Diffusion, User Experiences and Performance of UK Domestic Heat Pumps


Energy Science and Technology 2013年4期

Robin Roy; Sally Caird


Heat pumps for space and water heating are recognised by EU governments as a key technology to meet carbon reduction and renewable energy targets, especially as electricity supplies are decarbonised. As a result of many socio-economic and technical factors, heat pumps are well-established in some EU countries, while in others including the UK, the market is immature. A field trial of heat pumps, found that, especially before specialist intervention, UK domestic heat pumps performed considerably less efficiently than those in Germany and Switzerland. This paper reports on the experiences and satisfaction of users in the field trial and the influence of technical and user factors on system efficiency. A comparative site analysis indicates that many interacting factors affect heat pump efficiency, including dwelling energy efficiency; heat pump system design and installation quality; and some of the characteristics and different heating behaviours of private householders and social housing tenants. The implications for low carbon energy policies, heat pump design and diffusion are discussed.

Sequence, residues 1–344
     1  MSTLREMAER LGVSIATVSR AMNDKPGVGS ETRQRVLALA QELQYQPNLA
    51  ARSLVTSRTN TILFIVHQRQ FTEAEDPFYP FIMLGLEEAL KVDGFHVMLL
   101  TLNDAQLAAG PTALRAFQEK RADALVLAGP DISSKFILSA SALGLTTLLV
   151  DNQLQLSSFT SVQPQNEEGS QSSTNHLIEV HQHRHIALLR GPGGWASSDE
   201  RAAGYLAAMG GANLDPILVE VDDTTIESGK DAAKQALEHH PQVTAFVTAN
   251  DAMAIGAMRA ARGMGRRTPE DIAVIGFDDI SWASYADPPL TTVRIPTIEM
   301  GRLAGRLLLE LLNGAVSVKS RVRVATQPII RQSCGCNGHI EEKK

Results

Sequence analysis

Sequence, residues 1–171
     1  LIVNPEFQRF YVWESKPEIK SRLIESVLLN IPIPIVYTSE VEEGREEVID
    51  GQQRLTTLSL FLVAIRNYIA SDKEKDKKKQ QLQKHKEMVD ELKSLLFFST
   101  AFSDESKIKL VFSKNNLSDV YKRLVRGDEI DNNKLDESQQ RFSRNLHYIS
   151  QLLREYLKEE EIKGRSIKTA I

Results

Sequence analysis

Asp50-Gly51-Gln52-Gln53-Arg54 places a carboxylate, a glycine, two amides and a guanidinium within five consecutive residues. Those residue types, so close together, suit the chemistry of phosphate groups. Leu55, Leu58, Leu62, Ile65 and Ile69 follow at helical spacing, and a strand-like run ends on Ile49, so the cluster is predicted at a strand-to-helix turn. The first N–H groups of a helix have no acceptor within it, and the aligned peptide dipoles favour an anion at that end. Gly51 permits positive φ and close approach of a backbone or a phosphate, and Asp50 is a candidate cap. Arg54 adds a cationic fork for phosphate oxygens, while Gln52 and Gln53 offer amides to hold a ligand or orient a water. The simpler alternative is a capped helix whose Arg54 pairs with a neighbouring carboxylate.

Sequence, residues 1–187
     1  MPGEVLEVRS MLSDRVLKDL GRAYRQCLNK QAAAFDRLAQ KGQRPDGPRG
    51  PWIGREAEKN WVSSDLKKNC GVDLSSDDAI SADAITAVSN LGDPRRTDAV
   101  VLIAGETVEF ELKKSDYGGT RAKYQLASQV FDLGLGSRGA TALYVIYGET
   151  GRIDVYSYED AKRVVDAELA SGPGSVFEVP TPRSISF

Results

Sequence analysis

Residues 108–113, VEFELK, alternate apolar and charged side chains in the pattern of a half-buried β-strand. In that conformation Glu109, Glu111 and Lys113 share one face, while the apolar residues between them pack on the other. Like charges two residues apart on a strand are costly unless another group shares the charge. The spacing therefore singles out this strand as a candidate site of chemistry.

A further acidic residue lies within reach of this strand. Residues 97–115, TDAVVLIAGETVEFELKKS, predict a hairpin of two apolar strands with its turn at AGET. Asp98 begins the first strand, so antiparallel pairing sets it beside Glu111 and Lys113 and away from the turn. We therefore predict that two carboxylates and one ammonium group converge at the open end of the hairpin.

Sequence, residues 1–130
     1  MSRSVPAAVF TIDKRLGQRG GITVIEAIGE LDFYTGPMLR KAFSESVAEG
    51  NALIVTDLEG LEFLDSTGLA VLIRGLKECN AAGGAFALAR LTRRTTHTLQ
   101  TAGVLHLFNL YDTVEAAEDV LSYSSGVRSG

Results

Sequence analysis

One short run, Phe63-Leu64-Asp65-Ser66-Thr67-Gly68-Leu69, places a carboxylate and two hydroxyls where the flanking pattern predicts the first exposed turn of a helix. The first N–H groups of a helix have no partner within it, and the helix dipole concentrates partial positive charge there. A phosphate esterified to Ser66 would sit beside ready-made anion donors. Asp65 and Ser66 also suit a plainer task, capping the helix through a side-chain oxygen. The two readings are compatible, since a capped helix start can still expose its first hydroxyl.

Key words: Renewable heat; Domestic heat pumps; Consumers and users


Nearly half (48%) of final energy use in the 27 countries of the EU is in the form of heat and this accounts for 86% of EU domestic energy use (European Commission, 2011). In the UK, heating accounts for 47% of carbon emissions and for the largest proportion of final energy demand at approximately 49%, of which about two fifths is domestic demand (DECC, 2012, 2013a). Heat pumps are one of the potentially most important energy saving, low carbon technologies for providing space and water heating in buildings. This paper examines recent research on the experience of adoption and use of heat pump systems in UK dwellings and the influence of technical and user factors on system efficiency. It also considers the implications for UK policies aimed at supporting the diffusion of heat pump technology to achieve carbon reduction.